Cat behavior remains one of the universe’s greatest mysteries, even though we have seen great leaps and bounds in kitty behavioral science. When it comes to whether our feline friends always say what they mean and mean what they say? Scientists and cat ladies have barely scratched the surface, but we now have a better understanding of feline vocalizations. When they make crying sounds or are teary-eyed, are they really crying? Find out here.
“I’m not crying. You’re crying.”
Miss Kitty Fantastico may react to an illness, injury, or irritation with tears, but these are not emotional tears. The tears are a direct response to physical pain or irritation affecting her eyes. A visit to the vet may be necessary if the condition is persistent and accompanied by other symptoms. Just because cats only physically show tears due to a biological response, doesn’t mean they don’t feel the emotion of sadness. In fact, it has been scientifically documented on a seemingly endless scale. They recognize their long lost guardians in pictures and videos, then display clear, well-established indicators of sadness and grief. They mourn the loss of a companion cat or member of their fur family. Cats do, in fact, experience sadness, and related emotions, but they don’t cry in order to express them the way humans do.
Crying for attention
Even though they may not cry for emotional reasons, cats do cry for a variety of reasons. More specifically, they yowl or mewl. Experts have been able to decode the possible meanings of these specific vocalizations:
- Kitty is simply hungry, and we forgot to feed her.
- Yowling usually serves as a warning to other cats who may be intruding into kitty’s territory.
- A cat in heat also caterwauls to call for a mate.
- A bored cat will also yowl nonstop.
- Mewling is often made by kittens to call to their mother and let her know where they are.
- Kittens also make crying noises when they’re hungry, cold, or scared.
- Cats who are feeling stressed also often yowl. Any change in their environment is a common cause of stress in felines.
- Senior cats with cognitive dysfunction may also cry when they are confused or disoriented.
- An underlying health condition, such as kidney disease or thyroid problems, can make Kitty cry. Excessive crying is a serious cause for concern and requires immediate veterinary attention.
Is kitty crying for food, but it’s not time mealtime? EcoTreats will satisfy her cravings for a snack and a little attention, but won’t ruin her appetite. Plus, they’re all-natural and low-calorie, so we won’t negatively affect her nutrition or inflate her caloric intake.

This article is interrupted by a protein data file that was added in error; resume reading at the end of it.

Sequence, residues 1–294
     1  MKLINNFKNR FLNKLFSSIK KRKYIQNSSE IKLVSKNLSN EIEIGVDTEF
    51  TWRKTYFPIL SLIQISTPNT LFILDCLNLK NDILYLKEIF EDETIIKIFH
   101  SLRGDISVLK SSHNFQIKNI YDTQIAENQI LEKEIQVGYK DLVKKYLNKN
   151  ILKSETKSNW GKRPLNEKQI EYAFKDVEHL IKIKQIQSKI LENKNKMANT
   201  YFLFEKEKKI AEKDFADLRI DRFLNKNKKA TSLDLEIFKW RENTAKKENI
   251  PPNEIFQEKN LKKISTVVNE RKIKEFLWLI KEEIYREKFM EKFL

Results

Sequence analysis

What should you do when your cat is crying?
- If Kitty’s by her food bowl while she’s yowling, she probably wants you to refill it because she’s hungry.
- Carefully check if Miss Kitty is physically hurt. Look for a wound, a painful lump, or signs of tenderness.
- We can check to see whether our feline friend has an unusual discharge in her eyes, nose, or mouth.
- Check if her breathing is normal.
- If Kitty is still intact and there is no other apparent health-related reason for her cries, your vet will most likely advise getting her fixed.
- For those of us who recently changed our kitty’s brand of litter and she’s refusing to use it, try mixing in some of the old brand until she gets used to the new one.
- Look for any changes inside your home, such as having moved furniture or added a new piece? If yes, this could be the source of Kitty’s distress. While she’s adjusting to the new surroundings, we can keep her confined to places in the house where she feels secure.
- New neighbors with free-roaming pets may leave Kitty feeling a bit territorial.
- We can try picking her up, scratching her, and cuddling with her. Whatever typically makes her feel the most secure will be the best way to care for her. It could turn out she just wants some attention. Or she needs to be entertained.
- If Kitty’s been crying persistently and we can’t figure out why, we should take her to her vet as soon as possible.
Sometimes, our feline friends are snooty and seem like they couldn’t care less about us. Other times, they’re demanding and refuse to be ignored. A yowling cat is definitely a cat that won’t be ignored. Even though their crying may occur at the same time she is sad, because our cats do feel the full spectrum of sadness, if they are tearing up and mewing, we should look for additional reasons this may be happening. Our cat companions are incredible friends, and it’s worth investigating their discomfort. In the meantime, let’s snuggle up to our felines and show them just how important they are to us.
- “Why Does My Cat Cry At Night?” VetStreet
- “Meowing and Yowling,” ASPCA
- “Cats and Excessive Meowing,” WebMD